When you hear the word “trust” – certain images might come to mind like trust fund babies and wealthy individuals with high net worths. However, in reality, a trust is a powerful planning tool that can benefit families from all walks of life and economic backgrounds. Trusts can minimize costs, protect assets, and spare beneficiaries from the time-consuming and expensive probate process. They can also enable you to stretch distributions to beneficiaries over a longer period of time, as well as protect assets from creditors and predators who might seek to take advantage of vulnerable heirs.
A trust is an arrangement in which the grantor transfers property (money, real estate, investments, etc.) to a trustee who manages the assets for the benefit of one or more named beneficiaries. The trustee can be an individual or a corporate fiduciary. Choosing the right trustee is an important decision, as it will determine how effectively your intentions will be carried out after death.
The first step in creating a trust is to gather the assets that will be transferred to it. This can include property you already have formally titled in the name of the trust, as well as others that will need to be marshaled and re-titled in accordance with the terms of your trust document. Once this is complete, it is a good idea to create an inventory of the assets in order to make it easier for the trustee to manage them in the future.
You should also decide when and how the trustee will distribute trust assets to the beneficiary or beneficiaries. This allows you to provide a framework for how your wishes will be carried out after your death, and it can help to avoid conflicts between family members after your death. You can also establish conditions for distribution to ensure that beneficiaries are able to manage the assets properly, or to protect against financial pitfalls such as addictions, divorce, or bad credit.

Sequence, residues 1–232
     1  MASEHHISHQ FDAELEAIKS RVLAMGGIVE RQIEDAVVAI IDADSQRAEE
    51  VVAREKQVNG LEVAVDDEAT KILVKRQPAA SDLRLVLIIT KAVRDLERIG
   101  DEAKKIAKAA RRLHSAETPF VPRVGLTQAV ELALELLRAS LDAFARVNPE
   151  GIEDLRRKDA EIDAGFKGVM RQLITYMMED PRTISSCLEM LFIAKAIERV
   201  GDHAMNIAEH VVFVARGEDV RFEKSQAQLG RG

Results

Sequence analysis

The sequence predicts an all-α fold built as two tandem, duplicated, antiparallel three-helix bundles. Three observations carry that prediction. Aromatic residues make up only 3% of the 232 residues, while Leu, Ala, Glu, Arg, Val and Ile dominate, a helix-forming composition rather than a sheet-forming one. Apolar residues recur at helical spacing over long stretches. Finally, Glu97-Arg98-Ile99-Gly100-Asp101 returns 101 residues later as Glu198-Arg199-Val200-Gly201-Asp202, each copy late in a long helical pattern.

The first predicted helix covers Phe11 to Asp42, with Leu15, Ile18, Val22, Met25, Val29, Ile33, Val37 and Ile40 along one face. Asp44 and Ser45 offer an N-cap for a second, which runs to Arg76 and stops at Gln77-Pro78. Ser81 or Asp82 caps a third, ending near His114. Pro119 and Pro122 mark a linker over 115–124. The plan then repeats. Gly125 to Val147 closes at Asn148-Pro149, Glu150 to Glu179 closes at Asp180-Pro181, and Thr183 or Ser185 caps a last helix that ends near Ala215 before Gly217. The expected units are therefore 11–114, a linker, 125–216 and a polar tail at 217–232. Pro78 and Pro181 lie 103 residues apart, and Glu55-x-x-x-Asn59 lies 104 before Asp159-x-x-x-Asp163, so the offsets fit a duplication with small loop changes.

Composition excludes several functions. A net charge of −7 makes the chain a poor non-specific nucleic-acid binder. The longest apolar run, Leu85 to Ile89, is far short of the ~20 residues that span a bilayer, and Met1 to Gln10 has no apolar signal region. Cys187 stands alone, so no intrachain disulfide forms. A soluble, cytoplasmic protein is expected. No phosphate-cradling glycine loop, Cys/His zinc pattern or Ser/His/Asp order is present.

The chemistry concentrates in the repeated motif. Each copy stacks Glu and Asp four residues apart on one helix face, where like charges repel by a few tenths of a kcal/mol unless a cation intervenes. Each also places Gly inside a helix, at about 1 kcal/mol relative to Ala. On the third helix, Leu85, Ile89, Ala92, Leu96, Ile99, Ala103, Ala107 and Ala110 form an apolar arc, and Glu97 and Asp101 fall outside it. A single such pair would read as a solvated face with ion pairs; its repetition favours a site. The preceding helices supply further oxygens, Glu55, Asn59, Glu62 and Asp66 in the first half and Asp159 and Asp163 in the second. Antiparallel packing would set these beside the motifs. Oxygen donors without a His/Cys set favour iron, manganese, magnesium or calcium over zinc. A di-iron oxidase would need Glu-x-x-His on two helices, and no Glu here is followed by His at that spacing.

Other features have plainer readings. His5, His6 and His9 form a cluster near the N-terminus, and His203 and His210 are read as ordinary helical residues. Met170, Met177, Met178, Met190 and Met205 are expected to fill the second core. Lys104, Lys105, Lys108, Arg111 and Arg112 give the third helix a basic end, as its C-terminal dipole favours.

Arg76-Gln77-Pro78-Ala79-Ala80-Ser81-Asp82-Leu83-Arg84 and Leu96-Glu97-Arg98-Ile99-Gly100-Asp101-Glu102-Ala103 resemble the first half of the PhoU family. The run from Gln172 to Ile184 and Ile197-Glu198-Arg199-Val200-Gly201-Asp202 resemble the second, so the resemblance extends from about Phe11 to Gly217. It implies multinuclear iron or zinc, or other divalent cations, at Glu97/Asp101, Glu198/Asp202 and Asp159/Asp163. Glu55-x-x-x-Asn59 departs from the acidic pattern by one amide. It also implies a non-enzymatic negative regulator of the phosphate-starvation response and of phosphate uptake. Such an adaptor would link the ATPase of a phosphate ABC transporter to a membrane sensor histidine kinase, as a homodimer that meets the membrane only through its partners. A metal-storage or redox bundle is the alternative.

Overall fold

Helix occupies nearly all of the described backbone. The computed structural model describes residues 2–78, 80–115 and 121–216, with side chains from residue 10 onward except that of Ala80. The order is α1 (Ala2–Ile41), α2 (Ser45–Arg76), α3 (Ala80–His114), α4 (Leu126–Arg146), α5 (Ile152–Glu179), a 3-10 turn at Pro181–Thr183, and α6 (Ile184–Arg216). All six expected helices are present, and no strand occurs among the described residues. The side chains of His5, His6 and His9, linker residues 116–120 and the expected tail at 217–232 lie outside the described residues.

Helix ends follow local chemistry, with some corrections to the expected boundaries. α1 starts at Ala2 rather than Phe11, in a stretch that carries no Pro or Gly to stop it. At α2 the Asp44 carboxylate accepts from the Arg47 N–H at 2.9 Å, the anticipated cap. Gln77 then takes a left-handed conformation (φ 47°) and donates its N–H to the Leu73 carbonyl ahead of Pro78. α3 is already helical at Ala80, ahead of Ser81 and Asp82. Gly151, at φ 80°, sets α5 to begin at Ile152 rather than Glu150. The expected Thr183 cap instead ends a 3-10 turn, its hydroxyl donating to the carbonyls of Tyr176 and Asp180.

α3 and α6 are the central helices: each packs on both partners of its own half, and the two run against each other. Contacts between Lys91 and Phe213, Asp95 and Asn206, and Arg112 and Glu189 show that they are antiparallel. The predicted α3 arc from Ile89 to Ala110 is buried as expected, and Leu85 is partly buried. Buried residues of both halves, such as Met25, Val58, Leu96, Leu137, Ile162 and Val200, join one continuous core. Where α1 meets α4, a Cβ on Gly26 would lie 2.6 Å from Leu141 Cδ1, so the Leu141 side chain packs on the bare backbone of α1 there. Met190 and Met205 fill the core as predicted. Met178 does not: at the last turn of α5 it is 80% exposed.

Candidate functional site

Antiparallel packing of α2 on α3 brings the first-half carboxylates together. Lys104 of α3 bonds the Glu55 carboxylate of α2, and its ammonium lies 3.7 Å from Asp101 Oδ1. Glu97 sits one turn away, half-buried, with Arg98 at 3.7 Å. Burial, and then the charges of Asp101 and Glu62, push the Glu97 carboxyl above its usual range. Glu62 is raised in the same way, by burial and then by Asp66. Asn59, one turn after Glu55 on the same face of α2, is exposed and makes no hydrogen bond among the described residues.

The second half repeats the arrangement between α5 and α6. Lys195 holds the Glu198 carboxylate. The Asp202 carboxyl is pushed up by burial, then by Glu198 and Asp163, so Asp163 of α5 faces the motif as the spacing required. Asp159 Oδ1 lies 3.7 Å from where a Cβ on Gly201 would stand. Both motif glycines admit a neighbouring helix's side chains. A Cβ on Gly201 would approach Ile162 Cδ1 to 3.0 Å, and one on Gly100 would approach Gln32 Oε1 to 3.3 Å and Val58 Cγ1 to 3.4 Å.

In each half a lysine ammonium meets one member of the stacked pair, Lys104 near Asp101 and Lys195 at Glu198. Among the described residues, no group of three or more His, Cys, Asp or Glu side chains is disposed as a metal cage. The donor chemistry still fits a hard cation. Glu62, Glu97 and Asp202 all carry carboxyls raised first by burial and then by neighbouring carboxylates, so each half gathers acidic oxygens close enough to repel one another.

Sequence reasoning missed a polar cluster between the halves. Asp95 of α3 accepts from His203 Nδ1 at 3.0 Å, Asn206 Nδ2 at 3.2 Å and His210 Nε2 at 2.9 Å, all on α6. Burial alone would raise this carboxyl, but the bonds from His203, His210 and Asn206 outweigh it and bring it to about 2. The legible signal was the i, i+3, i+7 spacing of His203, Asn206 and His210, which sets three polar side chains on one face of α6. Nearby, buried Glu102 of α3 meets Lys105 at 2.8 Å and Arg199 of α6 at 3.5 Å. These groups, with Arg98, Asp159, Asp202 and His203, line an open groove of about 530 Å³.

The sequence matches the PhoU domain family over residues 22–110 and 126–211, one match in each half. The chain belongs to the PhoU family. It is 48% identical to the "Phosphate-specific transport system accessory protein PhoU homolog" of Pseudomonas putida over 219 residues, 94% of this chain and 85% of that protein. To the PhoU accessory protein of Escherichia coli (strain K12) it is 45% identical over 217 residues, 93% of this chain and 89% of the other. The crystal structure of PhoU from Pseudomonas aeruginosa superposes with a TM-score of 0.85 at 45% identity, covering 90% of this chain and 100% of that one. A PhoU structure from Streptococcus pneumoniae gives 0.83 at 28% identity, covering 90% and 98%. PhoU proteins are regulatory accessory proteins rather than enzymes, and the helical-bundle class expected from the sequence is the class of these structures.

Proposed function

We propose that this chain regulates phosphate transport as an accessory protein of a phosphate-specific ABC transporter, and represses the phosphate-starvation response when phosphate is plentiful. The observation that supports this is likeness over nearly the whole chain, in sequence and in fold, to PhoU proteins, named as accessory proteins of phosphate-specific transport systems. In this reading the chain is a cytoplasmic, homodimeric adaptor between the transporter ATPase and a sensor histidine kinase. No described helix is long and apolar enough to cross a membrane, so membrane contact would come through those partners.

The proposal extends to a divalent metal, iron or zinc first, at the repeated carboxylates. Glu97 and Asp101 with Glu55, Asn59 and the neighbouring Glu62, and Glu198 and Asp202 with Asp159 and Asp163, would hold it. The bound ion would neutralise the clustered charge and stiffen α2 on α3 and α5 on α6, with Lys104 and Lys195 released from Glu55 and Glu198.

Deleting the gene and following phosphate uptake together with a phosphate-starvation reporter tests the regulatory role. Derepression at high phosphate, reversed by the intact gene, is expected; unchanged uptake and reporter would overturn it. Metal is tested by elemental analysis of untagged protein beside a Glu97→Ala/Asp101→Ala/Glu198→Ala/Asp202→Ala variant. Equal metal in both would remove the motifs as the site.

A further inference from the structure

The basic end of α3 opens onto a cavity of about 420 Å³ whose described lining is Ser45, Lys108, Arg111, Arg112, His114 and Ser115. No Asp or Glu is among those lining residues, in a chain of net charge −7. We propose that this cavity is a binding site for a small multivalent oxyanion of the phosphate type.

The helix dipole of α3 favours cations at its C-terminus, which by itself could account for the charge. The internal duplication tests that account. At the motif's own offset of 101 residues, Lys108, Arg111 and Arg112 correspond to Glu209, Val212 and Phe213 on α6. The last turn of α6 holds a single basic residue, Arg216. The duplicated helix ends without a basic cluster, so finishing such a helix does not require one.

It is also a good idea to discuss your goals with your attorney before the trust documents are drawn up in order to be sure that they reflect your intentions. In addition, you may want to consider naming back-up trustees in case one or more of the original Trustees is unable to serve or resigns. This can be particularly important for a family trust, in which you may be naming descendants who are still minors.
It is a good idea to also talk to your tax advisor and investment professionals about how you can use your trust to minimize taxes and protect assets. In addition, you will need to work with your fiduciary partner(s) to ensure that the trust is properly diversified and invested in accordance with your goals. This will not only reduce the cost of investing, but it will also make it much easier for your trustee to manage your trust’s investments after your death. Finally, it is important to keep your trustee(s) informed of the trust’s operations so that they can address any concerns or questions that may arise.